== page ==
Impaired immune function (infectious illness, allergic, autoimmune conditions) in the DES-exposed

Long-term Effects of Exposure to Diethylstilbestrol

1988 Study Abstract

The present survey represents a preliminary look at possible health effects of prenatal exposure to DES in humans beyond those already known. As such, it should be considered as a guide to areas needing further investigation in less biased samples. The findings, however, are consistent with those of experimental studies in animals and indicate a need for follow-up in the human cohort. Of particular note are conditions that suggest impaired immune function, such as infectious illness, allergic and autoimmune conditions, and malignant tumors.

Studies of certain genetic strains of mice with exposure to DES during the critical neonatal period of immune system ontogeny-analogous to the first trimester of human pregnancy-show persistent, lifelong immunosuppression. The main DES effect is a reduced number of Thelper cells, important for the induction and regulation of many immune responses. B-cell response is impaired in assays requiring T-cell mediation but is normal if corrected for T-helper numbers. Experiments with varying combinations of B and T cells in vitro show that the defect is in T-cell number but not function.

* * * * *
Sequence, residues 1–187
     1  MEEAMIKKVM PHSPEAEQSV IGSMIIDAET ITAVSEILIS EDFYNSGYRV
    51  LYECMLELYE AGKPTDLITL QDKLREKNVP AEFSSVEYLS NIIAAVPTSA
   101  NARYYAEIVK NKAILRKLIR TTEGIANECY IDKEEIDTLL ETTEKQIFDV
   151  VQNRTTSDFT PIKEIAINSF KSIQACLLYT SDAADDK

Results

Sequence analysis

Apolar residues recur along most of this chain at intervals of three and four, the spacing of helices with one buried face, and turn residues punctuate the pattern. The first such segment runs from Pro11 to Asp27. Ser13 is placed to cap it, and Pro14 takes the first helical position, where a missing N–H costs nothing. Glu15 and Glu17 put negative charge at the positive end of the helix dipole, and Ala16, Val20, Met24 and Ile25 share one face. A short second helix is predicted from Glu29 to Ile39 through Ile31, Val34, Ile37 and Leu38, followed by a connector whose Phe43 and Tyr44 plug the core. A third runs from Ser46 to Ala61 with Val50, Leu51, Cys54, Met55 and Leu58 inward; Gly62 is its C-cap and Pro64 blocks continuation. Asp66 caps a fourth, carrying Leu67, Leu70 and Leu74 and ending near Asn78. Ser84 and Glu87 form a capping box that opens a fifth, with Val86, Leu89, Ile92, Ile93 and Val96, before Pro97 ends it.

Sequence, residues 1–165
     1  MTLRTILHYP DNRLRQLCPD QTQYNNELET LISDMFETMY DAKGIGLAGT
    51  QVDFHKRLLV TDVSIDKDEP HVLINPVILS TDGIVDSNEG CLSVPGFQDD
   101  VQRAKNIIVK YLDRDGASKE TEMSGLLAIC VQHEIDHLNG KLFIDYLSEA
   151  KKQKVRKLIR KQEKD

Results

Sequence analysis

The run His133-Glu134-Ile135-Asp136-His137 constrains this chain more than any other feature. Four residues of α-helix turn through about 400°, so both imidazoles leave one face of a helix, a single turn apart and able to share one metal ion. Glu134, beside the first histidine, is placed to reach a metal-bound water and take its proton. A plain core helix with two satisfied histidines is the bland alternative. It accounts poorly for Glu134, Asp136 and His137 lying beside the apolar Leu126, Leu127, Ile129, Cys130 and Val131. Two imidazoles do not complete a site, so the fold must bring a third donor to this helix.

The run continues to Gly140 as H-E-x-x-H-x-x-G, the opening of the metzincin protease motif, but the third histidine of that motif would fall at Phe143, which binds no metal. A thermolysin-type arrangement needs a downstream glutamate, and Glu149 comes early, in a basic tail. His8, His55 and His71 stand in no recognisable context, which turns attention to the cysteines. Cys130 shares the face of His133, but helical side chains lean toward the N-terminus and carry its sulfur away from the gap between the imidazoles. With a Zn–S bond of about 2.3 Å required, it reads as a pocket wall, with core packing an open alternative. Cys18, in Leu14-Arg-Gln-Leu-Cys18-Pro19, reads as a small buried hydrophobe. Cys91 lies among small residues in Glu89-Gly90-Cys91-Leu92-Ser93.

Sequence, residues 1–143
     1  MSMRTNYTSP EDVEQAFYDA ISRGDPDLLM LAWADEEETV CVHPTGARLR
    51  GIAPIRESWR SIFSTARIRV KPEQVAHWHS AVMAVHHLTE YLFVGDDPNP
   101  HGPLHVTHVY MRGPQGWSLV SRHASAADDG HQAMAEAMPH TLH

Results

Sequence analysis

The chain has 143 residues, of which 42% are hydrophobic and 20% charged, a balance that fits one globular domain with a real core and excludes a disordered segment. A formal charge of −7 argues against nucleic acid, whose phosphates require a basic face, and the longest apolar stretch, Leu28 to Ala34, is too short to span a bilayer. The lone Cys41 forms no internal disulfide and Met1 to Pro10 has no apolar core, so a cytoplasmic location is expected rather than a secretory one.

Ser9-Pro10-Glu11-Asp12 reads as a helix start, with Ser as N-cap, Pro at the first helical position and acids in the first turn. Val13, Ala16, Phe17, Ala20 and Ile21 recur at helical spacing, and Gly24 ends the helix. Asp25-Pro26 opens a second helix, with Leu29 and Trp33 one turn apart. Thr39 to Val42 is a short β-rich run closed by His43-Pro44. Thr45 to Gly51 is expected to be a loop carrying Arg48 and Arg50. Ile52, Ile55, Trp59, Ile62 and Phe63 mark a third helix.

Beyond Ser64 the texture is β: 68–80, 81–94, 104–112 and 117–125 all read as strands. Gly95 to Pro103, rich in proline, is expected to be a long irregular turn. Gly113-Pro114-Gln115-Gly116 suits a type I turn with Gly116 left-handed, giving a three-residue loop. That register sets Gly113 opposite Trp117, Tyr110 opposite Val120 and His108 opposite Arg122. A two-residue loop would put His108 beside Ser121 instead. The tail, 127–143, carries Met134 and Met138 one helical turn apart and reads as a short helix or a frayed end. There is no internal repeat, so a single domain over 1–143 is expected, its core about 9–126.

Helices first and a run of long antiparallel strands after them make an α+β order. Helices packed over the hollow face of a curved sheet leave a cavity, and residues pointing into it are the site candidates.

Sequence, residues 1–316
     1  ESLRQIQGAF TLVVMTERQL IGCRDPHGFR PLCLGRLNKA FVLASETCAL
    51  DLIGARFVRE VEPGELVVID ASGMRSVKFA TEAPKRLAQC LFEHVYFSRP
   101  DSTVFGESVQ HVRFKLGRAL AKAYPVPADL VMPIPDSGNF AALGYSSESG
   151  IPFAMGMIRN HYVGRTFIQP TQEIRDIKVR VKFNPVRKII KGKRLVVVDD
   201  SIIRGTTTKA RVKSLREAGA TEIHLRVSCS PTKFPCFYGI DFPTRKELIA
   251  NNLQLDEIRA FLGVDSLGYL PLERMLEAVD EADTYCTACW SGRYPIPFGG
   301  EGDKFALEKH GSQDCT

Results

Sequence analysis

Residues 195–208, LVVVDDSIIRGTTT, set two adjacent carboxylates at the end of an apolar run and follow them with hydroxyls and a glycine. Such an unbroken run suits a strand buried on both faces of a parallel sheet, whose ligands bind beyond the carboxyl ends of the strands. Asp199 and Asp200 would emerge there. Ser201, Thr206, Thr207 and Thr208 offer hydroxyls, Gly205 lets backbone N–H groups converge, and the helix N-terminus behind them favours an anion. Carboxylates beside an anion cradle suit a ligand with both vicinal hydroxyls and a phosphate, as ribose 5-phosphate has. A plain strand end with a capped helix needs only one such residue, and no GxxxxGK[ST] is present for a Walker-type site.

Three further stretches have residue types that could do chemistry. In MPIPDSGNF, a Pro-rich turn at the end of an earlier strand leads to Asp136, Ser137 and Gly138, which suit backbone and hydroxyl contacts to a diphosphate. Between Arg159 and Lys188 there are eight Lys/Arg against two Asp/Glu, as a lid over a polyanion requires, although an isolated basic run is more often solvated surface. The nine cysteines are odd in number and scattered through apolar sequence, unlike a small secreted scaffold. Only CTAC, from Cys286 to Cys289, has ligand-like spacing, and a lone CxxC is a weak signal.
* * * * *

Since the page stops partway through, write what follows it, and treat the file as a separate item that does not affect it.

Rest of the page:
Mice with neonatal exposure also have a reduced number of natural killer cells thought to recognize and kill certain tumor cells. Following injection with a classic carcinogen (3-methylcholanthrene [MCA]), DES-exposed mice show a reduced ability to resist tumors; MCA-induced sarcomas appear in greater numbers and at a faster rate.